Wednesday, March 11, 2015

Pathfinder Strategy Guide Review

My copy of the Pathfinder Strategy Guide shipped today!  Normally, I like to
wait until I have my physical books, but I'm making an exception here.  I've gotten into Pathfinder Society here because my friends don't have a lot of experience with RPGs, so this thing is a godsend!  I've been looking forward to getting this as a resource that I can bring new players into the game for some time.

According to the introduction, the goal of the book is to provide "a friendly and straightforward guide to making your own character and becoming confident in the basics of the Pathfinder Roleplaying Game." (4)  "This book will teach you the following:

• The basic terminology and concepts used by the Pathfinder Roleplaying Game.
• How to create player characters and advance them from level 1 to level 20.
• The basics of combat, from moving around the battlefield and engaging with foes to more advanced tricks like combat maneuvers and tactical analysis.
• The foundations of roleplaying, from meeting archmages and queens to solving mysteries and bargaining with dragons." (5)

Similarly, the book isn't:

• a substitute for the Core Rulebook
• "intended to give experienced players advanced insights or cunning new strategies for optimizing their characters." (5)
• comparison to board and video games. Helpful statement re: players going "tharn": "You can attempt to go anywhere and do pretty much anything in this game—even if the game doesn’t provide specific rules for your attempt, it has a variety of general rules that can be adapted to whatever you’re describing." (7)
• like that they tell players to develop a concept rather than on mechanics
Pages for new players: 7-9


The book starts with a quiz.  This is great for someone that doesn't know anything about what they want to do.  There are 13 questions that you move through to give you an idea of what type of character best fits a player's class.  In total, a player might have to go through a maximum of three questions to get to a result, which is the class' theme.  Most classes have two themes but the full spellcasters (cleric, druid, sorcerer, and wizard) each have three.  A theme is sort of an overarching concept for a class.  For instance, the rogue has the shadow and thief themes.  A shadow is more of a battle thief character.  Paizo's put up a blog post explaining how all this stuff goes into making a character.  A thief is the traditional skill monkey.

There are 26 possible themes:


Angel-born (sorcerer)

Animal Friend (Druid)
Archer (ranger)
Battle Priest (cleric)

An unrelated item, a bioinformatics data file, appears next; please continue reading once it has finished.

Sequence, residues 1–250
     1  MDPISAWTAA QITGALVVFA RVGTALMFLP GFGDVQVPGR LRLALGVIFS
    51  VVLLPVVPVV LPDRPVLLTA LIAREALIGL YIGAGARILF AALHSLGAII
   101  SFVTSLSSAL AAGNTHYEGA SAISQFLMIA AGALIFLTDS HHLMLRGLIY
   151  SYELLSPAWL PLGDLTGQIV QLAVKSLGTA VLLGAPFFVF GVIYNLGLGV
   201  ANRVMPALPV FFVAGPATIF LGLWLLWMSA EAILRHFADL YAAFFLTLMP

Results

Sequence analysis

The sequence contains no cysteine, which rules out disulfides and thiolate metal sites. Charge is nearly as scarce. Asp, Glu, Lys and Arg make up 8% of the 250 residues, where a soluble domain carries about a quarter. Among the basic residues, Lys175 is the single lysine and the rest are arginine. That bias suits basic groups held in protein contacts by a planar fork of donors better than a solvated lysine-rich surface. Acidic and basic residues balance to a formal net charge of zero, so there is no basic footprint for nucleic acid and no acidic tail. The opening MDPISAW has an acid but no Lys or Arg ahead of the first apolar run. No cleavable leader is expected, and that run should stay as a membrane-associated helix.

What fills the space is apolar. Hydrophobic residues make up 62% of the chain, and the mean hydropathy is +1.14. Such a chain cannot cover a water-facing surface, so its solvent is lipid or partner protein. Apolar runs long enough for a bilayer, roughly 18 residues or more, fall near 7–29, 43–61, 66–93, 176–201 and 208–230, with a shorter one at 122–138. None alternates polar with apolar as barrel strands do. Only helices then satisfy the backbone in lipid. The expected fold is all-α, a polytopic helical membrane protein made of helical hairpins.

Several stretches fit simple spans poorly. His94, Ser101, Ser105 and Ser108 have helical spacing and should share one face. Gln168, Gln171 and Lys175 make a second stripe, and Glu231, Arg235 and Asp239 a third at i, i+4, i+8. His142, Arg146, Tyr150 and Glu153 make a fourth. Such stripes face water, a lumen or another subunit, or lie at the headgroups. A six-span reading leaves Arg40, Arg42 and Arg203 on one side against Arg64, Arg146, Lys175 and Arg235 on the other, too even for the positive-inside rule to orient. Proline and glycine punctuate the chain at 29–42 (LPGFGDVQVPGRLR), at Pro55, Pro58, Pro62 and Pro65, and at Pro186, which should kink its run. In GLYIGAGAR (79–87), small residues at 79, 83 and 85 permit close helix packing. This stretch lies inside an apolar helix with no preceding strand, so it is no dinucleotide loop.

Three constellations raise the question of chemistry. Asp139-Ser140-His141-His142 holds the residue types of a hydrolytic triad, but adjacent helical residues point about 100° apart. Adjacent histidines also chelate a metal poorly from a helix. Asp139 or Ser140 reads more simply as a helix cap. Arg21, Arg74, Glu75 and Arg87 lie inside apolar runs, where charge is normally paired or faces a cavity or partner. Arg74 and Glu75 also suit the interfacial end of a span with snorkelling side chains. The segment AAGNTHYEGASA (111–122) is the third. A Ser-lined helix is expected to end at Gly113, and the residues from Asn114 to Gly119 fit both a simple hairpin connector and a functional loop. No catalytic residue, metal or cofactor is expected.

Berserker (barbarian)
Brute (fighter)
Conjuror (wizard)
Crusader (paladin)
Dragon-child (sorcerer)
Dual-weapon warrior (ranger)
Fire-blooded (sorcerer)
Fury (Druid)
Healer (cleric)
Illusionist (wizard)
Knight (paladin)
Maneuver Specialist (monk)
Martial Warrior (monk)
Nature Warrior (Druid)
Shadow (thief)
Shield Fighter (fighter)
Smasher (barbarian)
Stargazer (cleric)
Thief (rogue)
Traditional Mage (wizard)
Trickster (bard)
Troubadour (bard)

Each theme gets a half-page write up including some flavor text, three "things" your character can learn to do, and some advice on which race to choose.


The next chapter is about races.  It's only two pages long.  The Strategy Guide names all of the race's traits, but only bothers to explain some of them.  All of the racial abilities are named, at least.  There is also a very helpful box that explains that races in RPGs are actually species.


Next come the class guides.  This section also has really helpful sidebars that cover some basic information like a class' BAB, save bonuses, etc.  The sidebar on the right facing page has suggested equipment for each theme.  Each theme also gets an icon with information about options for customizing your character.  There's a lot of advice, but nothing is demanded.



Here's the two page explanation of how to be a cleric.  There's three different themes: battle priest, healer, and stargazer.
Some options are discussed as being useful for clerics in general.  Others are made specific to one of the particular
themes.  Note how everything is marked in terms of suggestions rather than commands.
The chapter also has information explaining every possible section of a character sheet.  They have letters that correspond to where they appear on a character sheet.  There's ten pages of information leading up to the explanatory character sheets.  

Each class also has leveling up advice that takes characters up to 20th level.  Some of the levels have theme-specific advice, though not all do.  Finally, there's back matter that covers things like fleshing out a character's back story, saving throws, armor class, languages, etc.


The playing the game chapter is fantastic!  First, there's a discussion of the difference between combat mode and narrative mode, which is something that a lot of new players also don't understand.  There's a combat flowchart and advice for players on what they might want to do on their turn.  Helpful boxes break out what are standard, move, quick, free, etc. actions.  This is super helpful.  The pages on understanding your square (128) and attacks of opportunity (129) are particularly helpful.  That said, it would have been helpful to get some information about moving through threatened squares and enemy-occupied spaces with acrobatics checks.


Overall I really like this! I'll want to host a newbie game night to see how players are able to pick things up. Also, at some point I'll want to do a cross-reference between this and the CRB to put together a new player intro pack.


The Strategy Guide doesn't really track to a five star system, but I'll give it three thumbs up instead!